The US maintained on Wednesday that it would not allow the Taliban to access Afghanistan’s $3.5 billion in Central Bank reserves without major reforms, even as it opened the funds for disbursement to alleviate economic strain on the war-torn country.
Washington announced earlier in the day the formation of an international financing mechanism to allow for some of Afghanistan’s debts to be paid out of Central Bank reserves that have been frozen by the US after the Taliban’s August 2021 seizure of power.
State Department spokesman Ned Price said the funds would be used to pay for “critical inputs,” pointing in particular to electricity payments and other debts that if left unpaid “would plunge Afghanistan into even greater levels of macroeconomic instability.”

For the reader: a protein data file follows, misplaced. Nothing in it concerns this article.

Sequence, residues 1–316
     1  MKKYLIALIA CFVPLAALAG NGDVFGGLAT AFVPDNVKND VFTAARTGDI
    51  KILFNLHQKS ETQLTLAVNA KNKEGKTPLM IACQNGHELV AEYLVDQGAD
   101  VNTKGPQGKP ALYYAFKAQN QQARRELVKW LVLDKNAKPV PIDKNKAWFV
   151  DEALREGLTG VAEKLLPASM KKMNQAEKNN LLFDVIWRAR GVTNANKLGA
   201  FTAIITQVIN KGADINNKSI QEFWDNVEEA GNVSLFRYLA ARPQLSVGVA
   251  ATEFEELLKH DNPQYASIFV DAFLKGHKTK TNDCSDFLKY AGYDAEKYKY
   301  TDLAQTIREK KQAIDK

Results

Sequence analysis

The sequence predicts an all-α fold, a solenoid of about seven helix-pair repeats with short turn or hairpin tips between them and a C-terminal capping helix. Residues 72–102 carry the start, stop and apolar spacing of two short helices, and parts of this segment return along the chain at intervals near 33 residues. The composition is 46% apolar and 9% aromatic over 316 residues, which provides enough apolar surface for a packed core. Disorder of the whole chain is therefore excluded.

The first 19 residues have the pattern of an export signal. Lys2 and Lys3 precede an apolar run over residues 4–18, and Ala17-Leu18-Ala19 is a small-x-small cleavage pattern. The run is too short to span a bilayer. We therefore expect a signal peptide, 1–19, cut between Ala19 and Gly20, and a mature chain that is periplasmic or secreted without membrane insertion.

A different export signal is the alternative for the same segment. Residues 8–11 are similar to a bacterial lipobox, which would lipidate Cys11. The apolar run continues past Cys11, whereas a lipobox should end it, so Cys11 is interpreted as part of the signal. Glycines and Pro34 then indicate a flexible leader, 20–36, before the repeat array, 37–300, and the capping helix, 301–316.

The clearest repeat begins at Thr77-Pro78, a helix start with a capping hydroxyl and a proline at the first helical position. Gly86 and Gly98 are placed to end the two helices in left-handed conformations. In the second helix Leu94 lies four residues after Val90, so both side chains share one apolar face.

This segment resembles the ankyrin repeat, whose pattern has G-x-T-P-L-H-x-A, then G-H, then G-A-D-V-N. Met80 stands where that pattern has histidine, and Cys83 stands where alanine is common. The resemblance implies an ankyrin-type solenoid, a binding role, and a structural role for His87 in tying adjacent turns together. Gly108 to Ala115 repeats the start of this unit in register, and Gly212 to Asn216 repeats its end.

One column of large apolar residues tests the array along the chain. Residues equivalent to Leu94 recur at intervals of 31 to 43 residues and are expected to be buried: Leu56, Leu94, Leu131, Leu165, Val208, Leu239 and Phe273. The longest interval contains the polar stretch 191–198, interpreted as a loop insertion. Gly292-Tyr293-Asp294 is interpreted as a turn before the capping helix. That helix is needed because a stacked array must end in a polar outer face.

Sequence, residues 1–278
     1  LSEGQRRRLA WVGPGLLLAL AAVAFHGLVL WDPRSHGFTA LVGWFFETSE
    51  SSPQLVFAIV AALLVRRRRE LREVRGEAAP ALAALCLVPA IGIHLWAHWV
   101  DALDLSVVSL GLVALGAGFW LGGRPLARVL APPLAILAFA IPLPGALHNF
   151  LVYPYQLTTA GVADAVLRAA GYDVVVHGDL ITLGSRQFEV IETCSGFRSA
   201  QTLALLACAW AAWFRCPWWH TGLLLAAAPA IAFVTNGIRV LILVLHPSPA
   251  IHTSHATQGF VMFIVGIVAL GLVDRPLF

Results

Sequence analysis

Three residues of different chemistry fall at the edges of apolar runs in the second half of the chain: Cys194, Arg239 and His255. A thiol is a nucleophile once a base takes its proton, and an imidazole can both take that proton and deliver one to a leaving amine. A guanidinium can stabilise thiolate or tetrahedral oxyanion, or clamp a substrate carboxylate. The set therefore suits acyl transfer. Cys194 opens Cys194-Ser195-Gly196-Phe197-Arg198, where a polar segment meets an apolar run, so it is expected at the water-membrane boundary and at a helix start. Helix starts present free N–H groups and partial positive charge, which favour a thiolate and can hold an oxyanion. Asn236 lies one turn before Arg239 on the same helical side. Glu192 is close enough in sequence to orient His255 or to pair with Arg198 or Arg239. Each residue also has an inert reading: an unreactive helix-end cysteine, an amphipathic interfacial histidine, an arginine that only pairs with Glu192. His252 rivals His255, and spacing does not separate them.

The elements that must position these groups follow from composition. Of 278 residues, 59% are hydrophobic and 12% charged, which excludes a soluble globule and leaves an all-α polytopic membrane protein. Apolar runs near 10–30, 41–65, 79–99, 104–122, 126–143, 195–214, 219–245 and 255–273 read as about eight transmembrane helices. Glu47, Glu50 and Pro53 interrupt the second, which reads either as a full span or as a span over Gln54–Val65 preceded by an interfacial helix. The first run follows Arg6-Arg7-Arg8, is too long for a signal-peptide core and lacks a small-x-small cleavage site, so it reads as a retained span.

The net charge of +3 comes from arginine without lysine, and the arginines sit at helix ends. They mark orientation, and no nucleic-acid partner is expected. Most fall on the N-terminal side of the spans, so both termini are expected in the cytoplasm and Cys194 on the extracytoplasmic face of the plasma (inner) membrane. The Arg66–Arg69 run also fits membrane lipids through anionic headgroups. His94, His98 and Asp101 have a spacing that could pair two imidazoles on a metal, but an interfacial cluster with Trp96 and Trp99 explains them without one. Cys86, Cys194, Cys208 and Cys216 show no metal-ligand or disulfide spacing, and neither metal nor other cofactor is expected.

“That would not benefit the people of Afghanistan. But ultimately, we’re doing what is in the best interest of the people of Afghanistan, putting in place the safeguards to see to it, and the auditing structures to see to it, that these funds are used as they were intended,” he said.
The US will not allow the Taliban to access the reserves until such a time as major reforms previously outlined by the Biden administration, including demonstrating the Central Bank’s independence from any Afghan government, instituting anti-money laundering measures, and efforts to thwart the financing of terrorism.
“Those steps have not taken place yet. We’ve made very clear to the Taliban that those are the kinds of steps that would need to occur before we could consider recapitalization,” said Price.